This article was corrected at 10 a.m. Tuesday to remove erroneous reference to improvements shortening the trip between Portland and Boston.

PORTLAND — Improvements are in store that would make Amtrak Downeaster run from Portland to Boston more reliable, thanks in part to Florida’s refusal to take federal high-speed rail money.

The federal Department of Transportation awarded $20.8 million to the Northern New England Passenger Rail Authority for the Downeaster project, which is designed to alleviate congestion in a high-traffic part of the line in Massachusetts responsible for much of the delays experienced by the service.

The money comes from $2 billion made available when Florida Gov. Rick Scott canceled a proposed high-speed train line between Orlando and Tampa. The money was divided among 22 projects chosen from 98 applicants.

“Competition for this funding was tough,” Patricia Quinn, executive director of the Northern New England Passenger Rail Authority, said in a statement. “(We are) grateful to the Federal Railroad Administration for recognizing the importance of the Downeaster to Maine and our region by continuing to invest in our service.”

The Downeaster project will create 10.4 miles of double track between Wilmington and Andover, Mass., eliminating a bottleneck by allowing trains to more easily pass one another. The Massachusetts Bay Transportation Authority has the right of way for track in the area.

Ten Downeaster trains now share this stretch of single track with 26 MBTA commuter trains and several Pan Am Railway freight trains. The MBTA line accounts for nearly 65 percent of the Downeaster’s delay time.

One-way trips between Portland and Boston’s North Station now take two hours and 25 minutes to two hours and 30 minutes. The longer trips have the extra five minutes built in because of the bottleneck.

The rail authority expects the double track will increase scheduling flexibility and could eventually allow the Downeaster to add another round trip to the five per day the service runs now.

The money will also go toward replacing a section of older welded rail that causes a bumpy ride and other improvements, Quinn said. 

Double-tracking as much of the Downeaster line as possible is an important goal for TrainRiders/Northeast, said Wayne Davis, chairman of the Portland-based rail advocacy group. The 116-mile line is almost entirely single track.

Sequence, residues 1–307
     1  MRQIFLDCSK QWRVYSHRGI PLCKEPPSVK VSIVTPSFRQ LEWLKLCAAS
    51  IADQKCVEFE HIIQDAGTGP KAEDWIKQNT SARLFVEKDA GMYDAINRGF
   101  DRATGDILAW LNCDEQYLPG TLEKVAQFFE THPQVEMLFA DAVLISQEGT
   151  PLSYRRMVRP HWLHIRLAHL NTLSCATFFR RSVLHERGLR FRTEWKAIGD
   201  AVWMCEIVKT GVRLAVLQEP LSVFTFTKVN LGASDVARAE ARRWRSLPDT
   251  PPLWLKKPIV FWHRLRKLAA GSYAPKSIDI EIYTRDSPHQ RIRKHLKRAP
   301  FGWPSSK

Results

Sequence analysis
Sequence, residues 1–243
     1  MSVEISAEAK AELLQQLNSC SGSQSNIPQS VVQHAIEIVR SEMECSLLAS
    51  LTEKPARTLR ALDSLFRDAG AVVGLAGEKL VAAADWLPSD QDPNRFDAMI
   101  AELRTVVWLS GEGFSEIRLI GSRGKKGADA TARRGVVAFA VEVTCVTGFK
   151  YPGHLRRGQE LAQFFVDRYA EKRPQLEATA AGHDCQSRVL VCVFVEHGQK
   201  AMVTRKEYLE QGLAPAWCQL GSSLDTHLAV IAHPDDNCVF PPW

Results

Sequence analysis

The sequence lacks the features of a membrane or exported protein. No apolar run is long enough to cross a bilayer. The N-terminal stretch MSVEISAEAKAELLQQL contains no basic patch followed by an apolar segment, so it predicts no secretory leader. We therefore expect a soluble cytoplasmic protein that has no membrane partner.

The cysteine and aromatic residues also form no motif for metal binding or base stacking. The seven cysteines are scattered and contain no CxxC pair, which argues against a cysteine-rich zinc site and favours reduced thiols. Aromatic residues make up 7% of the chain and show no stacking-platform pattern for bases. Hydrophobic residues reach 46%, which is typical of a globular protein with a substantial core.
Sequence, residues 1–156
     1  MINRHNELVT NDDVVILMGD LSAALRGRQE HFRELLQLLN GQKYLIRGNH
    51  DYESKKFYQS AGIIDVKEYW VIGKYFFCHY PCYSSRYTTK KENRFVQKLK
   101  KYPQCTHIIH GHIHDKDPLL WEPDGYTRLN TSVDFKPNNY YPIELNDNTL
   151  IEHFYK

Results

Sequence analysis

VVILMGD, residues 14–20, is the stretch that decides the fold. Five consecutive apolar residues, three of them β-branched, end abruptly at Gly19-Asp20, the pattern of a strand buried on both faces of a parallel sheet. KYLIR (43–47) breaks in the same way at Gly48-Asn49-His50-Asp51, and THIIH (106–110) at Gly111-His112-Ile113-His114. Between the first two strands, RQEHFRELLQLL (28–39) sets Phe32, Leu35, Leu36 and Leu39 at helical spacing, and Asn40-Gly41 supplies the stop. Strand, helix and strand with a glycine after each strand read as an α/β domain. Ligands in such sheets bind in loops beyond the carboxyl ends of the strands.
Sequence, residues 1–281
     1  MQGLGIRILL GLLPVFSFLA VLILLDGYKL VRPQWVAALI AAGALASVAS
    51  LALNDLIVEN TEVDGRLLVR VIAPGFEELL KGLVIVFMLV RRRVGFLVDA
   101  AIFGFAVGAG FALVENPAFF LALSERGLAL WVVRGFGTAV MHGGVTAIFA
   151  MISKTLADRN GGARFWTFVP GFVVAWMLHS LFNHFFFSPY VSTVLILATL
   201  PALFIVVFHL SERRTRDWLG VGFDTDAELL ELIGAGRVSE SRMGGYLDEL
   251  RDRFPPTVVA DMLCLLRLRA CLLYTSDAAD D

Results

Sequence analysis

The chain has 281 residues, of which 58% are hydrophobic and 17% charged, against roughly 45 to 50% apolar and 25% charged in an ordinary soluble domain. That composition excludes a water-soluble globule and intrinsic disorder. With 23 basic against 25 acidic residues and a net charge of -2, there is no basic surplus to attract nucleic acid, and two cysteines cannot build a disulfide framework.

Davis said the 10.4 miles of double track will allow trains to go faster. Delays generally stem from trains missing a small window in congested areas and having to wait for another train to pass, he said.

“This is a good, good thing to have happen. It puts us on the way to accomplishing the rest of our goals,” he said.

Davis noted that the addition of double track in Dover, N.H., helped establish a fifth daily round trip from the city in 2007.

He hopes the new project will fill existing holes in the schedule from Portland. Currently, there’s no train out of Portland from 2:35 p.m. to 7:55 p.m. on weekdays and 3 p.m. to 8 p.m. on weekends. There are no Downeaster trains out of Boston from about 11 a.m. to 5 p.m. on any day.

In February, Scott, the Florida governor, turned down $2.4 billion that had been awarded for the Tampa-to-Orlando line, saying he didn’t want to saddle Florida taxpayers with long-term operating costs.

The following month, Transportation Secretary Ray LaHood invited other states to apply for the money. The 98 applications came from 24 states, the District of Columbia and Amtrak.

Politicians in the Northeast enthusiastically lobbied for the money, hoping to improve their constituents’ travel times and lure more passengers away from the region’s gridlocked highways and congested airports. Delays at New York’s three main airports frequently snarl air travel across the United States.

The bulk of the $2 billion goes to the congested Washington-New York-Boston corridor, where $795 million in improvements should allow trains to run at 160 mph on a stretch where they are currently limited to 135 mph. Another $404 million will go toward increasing speeds to 110 mph between Chicago and Detroit.


– The Associated Press contributed to this report.